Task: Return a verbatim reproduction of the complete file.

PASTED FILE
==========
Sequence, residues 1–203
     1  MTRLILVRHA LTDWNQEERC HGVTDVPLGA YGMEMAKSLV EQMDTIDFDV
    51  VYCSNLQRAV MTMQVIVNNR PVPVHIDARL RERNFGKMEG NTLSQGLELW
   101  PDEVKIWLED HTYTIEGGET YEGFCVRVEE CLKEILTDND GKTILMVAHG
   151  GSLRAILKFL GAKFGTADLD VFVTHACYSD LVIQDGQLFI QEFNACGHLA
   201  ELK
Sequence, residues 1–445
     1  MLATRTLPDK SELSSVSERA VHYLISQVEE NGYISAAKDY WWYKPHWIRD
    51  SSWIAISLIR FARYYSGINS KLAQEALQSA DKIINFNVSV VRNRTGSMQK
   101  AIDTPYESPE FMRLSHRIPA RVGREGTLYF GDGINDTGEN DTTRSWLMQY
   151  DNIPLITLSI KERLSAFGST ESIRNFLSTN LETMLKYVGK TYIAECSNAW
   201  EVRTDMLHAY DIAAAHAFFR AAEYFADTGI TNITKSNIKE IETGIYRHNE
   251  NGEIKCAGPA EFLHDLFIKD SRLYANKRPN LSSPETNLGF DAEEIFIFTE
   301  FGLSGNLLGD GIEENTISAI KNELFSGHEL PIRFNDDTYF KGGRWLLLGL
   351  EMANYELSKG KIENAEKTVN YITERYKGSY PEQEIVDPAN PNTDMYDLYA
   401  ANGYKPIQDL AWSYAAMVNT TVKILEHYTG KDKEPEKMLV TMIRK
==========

Sequence, residues 1–203
     1  MTRLILVRHA LTDWNQEERC HGVTDVPLGA YGMEMAKSLV EQMDTIDFDV
    51  VYCSNLQRAV MTMQVIVNNR PVPVHIDARL RERNFGKMEG NTLSQGLELW
   101  PDEVKIWLED HTYTIEGGET YEGFCVRVEE CLKEILTDND GKTILMVAHG
   151  GSLRAILKFL GAKFGTADLD VFVTHACYSD LVIQDGQLFI QEFNACGHLA
   201  ELK
Sequence, residues 1–445
     1  MLATRTLPDK SELSSVSERA VHYLISQVEE NGYISAAKDY WWYKPHWIRD
    51  SSWIAISLIR FARYYSGINS KLAQEALQSA DKIINFNVSV VRNRTGSMQK
   101  AIDTPYESPE FMRLSHRIPA RVGREGTLYF GDGINDTGEN DTTRSWLMQY
   151  DNIPLITLSI KERLSAFGST ESIRNFLSTN LETMLKYVGK TYIAECSNAW
   201  EVRTDMLHAY DIAAAHAFFR AAEYFADTGI TNITKSNIKE IETGIYRHNE
   251  NGEIKCAGPA EFLHDLFIKD SRLYANKRPN LSSPETNLGF DAEEIFIFTE
   301  FGLSGNLLGD GIEENTISAI KNELFSGHEL PIRFNDDTYF KGGRWLLLGL
   351  EMANYELSKG KIENAEKTVN YITERYKGSY PEQEIVDPAN PNTDMYDLYA
   401  ANGYKPIQDL AWSYAAMVNT TVKILEHYTG KDKEPEKMLV TMIRK